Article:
Kusej stages fantastic Faust

Martin Kusej’s “Faust” will ignite the anger of some theatregoers but the Burgtheater boss is just not known for marching in lockstep.

Kusej’s take on the Johann Wolfgang von Goethe classic could be emblematic of the Viennese cultural institution’s new direction.

Broadcasting and newspaper reviewers have acknowledged Kusej’s decision to create a very modern “Faust” which deals with urgent contemporary concerns. While a dystopian darkness dominates the set, techno music underlines the everlasting urgency of topics like love, desperation and treason.1

Performed for the first time at Munich’s Residenztheater around five years ago, this production is still a compelling adventure, according to critics. Especially the performance of Werner Wölbern and Bibiana Beglau has been praised.

Kusej has dared to leave out essential phrases of the play. Conservative theatre enthusiasts might be outraged. But controversies like these ensure that theatres remain relevant in increasingly complex times.

For information on tickets and the performance schedule, go to http://www.burgtheater.at

Photo: © Matthias Horn / http://www.burgtheater.at

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Rapid await EL warriors WAC

Wolfsberg are determined to end Rapid’s unbeaten run.

The Green-Whites have most recently beaten Mattersburg away from home after achieving just a 3-3 draw against Hartberg thanks to captain Stefan Schwab’s last-minute equaliser.wac2

Now the league returns and WAC hope to play as well as the Austrian national team. The Carinthian side face Rapid in Vienna on Sunday (Allianz Stadion, 5pm). WAC are currently in third place in the 12-team Bundesliga, just one point behind Rapid.

But the Kühbauer side must not underestimate their upcoming opponents. WAC caused a stir in the Europa League. They snatched one point against AS Roma after having mercilessly crushed German Bundesliga leaders Borussia Mönchengladbach away from home (0-4).

Rapid beat second-division club FAC 2-1 in a friendly last Friday. Aliou Badji, Christoph Knasmüllner and former Rapid striker Philipp Prosenik found the net.

>> http://www.skrapid.at

Can’t Get This Party Started

There is a sense of excitement in Vienna about the Burgtheater’s new progressive profile, but “The Party” is just a massive disappointment.

Theatregoers can expect a fresh spirit at the tradition-rich institution as new director Martin Kusej underlined the importance of peace and cooperation in a multilingual Europe. “There should be no borders onstage,” Kusej said, adding that being confronted with many languages in Vienna was “fascinating”.1.jpg

Itay Tiran’s take on “Vögel” and “Die Bakchen”, the play which kicked off the new season, earned praise by critics. Unfortunately, “The Party” is anything but a sparkling affair.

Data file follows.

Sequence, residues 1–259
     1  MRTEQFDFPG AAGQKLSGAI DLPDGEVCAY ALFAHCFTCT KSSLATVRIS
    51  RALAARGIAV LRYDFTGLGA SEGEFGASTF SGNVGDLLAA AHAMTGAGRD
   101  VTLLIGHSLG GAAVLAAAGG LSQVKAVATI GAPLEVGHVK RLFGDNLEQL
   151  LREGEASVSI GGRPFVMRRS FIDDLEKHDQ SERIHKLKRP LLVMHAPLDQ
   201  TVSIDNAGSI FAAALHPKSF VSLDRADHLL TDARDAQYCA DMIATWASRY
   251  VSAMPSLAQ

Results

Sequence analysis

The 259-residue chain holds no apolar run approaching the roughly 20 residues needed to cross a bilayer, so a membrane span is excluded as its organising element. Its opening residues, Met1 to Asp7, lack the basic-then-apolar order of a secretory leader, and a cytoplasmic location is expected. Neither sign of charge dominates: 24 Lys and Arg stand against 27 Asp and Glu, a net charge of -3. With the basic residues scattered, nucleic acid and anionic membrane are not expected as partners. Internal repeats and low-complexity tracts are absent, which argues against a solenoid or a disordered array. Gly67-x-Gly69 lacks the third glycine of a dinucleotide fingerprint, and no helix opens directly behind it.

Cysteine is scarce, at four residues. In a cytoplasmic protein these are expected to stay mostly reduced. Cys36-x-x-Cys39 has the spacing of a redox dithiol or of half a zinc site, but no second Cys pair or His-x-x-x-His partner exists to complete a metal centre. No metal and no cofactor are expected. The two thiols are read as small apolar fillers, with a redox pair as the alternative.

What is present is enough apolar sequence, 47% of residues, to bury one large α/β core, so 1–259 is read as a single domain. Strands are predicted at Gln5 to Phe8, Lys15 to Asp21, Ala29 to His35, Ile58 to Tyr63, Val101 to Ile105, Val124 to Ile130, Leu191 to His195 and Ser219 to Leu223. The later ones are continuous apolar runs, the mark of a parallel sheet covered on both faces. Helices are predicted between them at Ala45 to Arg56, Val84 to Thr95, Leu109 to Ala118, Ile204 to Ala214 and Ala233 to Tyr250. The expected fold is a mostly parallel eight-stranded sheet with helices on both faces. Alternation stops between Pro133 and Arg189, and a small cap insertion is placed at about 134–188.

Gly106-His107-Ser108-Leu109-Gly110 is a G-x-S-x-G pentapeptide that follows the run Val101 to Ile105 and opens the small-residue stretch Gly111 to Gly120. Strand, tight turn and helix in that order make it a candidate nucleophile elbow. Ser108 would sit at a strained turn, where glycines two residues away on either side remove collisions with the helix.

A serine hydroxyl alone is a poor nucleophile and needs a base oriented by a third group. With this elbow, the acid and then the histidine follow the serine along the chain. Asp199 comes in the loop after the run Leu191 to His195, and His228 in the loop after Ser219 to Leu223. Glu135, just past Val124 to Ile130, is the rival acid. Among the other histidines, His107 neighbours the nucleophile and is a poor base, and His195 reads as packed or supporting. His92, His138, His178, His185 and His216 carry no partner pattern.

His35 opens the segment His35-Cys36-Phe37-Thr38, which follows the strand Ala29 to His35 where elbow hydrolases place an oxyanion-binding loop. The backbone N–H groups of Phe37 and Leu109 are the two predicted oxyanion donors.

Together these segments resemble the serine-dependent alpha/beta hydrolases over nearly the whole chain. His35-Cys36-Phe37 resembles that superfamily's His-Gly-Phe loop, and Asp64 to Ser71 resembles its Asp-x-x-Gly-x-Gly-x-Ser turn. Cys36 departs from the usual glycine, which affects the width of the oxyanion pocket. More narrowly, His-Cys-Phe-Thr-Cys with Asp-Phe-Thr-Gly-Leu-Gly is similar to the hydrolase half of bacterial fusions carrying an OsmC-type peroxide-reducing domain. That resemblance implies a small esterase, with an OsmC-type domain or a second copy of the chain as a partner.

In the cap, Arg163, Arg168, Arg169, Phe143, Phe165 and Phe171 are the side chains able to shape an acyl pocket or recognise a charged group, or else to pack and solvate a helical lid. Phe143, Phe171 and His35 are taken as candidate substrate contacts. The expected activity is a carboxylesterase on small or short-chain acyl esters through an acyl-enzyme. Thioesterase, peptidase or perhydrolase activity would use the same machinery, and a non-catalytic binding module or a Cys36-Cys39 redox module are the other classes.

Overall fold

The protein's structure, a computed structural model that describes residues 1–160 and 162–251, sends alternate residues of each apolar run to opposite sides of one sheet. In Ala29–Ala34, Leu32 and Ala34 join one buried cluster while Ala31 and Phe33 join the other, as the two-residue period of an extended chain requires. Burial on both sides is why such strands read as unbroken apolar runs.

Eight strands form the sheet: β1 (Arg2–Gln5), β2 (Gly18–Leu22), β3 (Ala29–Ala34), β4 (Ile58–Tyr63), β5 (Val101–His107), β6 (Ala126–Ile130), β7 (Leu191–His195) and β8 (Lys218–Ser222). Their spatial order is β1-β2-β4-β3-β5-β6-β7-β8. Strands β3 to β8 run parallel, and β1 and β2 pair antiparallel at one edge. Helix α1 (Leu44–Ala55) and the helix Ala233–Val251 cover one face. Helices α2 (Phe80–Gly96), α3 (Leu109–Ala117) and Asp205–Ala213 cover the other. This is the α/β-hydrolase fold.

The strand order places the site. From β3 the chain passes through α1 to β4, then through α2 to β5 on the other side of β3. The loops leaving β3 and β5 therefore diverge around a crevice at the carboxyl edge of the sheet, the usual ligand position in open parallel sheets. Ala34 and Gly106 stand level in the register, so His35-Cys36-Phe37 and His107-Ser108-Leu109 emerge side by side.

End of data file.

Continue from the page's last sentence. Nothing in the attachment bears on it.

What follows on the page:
Based on a Sally Potter movie from 2017, this first-ever German stage adaption aims at offering psychological insight into the fragile relationship between a politician and her husband. While she is upbeat about getting promoted, her hubby remains totally indifferent. He could not care less what their friends think of his behaviour. Nevertheless all is going according to plan at their bash, until some confessions have to be made.

Anne Lenk’s “The Party” obviously draws inspiration from Yasmina Reza’s “God of Carnage”. But confronted with its vacuous dialogues, the play’s cast of Burgtheater icons like Regina Fritsch and Peter Simonischek appear like having given up already. This party tastes like stale champagne.

>> http://www.burgtheater.at

Photo: © Matthias Horn / http://www.burgtheater.at

Burning Down the House

One of the most compelling plays of the past theatre season is hitting the stage again.

Vienna’s Volkstheater is bringing back “Biedermann und die Brandstifter” (The Arsonists) this autumn. Max Frisch’s play from 1958 has been well-received at numerous theatres throughout the decades. It is still an essential part of secondary school modern literature curricula.1

Gottlieb Biedermann, considered as the epitome of the conservative businessman, welcomes a drifter and his suspicious entourage to his home. Typifying the naive and trusting gentlemen, the polite entrepreneur remains totally oblivious to what is going on around him as the gang plan to burn his estate to the ground.

Hungarian director Viktor Bodo is in charge of the Volkstheater production starring Günter Franzmeier (pictured) and Gabor Biedermann. Visit http://www.volkstheater.at for information on tickets and a charity initiative supporting theatre staff facing temporary unemploment.

Photo: © http://www.lupispuma.com / Volkstheater

Tomorrow Never Knows

The rise of Napster, the political toing and froing behind establishing the Euro and the hunt for Osama Bin Laden. Groundbreaking developments were in motion in 1999 when everyone feared a devastating computer collapse on December 31st.1.jpg

In “Das letzte Jahr der Zukunft”, journalist Michael Laczynski describes the most significant political, cultural and economic developments of the millennium. Entertainment business executives were clueless how to counteract online piracy. At the same time, casting shows and Big Brother went through the roof.

As far as politics are concerned, the global constellation was highly complex in the late 1990s. Freed from the shackles of communism, Russia’s elite made up for lost time by living the high life. No one could have imagined in 1999 that a pale ex-KGB official named Wladimir Putin would shape an era which still lingers on. Meanwhile, European leaders struggled to overcome substantial disaccord concerning the introduction of the Euro.

Overall, “Das letzte Jahr der Zukunft” decently captures the feel of change that was felt all around the world back then.

Das letzte Jahr der Zukunft. Wie 1999 die Welt veränderte
By Michael Laczynski
Published by Residenz Verlag (www.residenzverlag.at)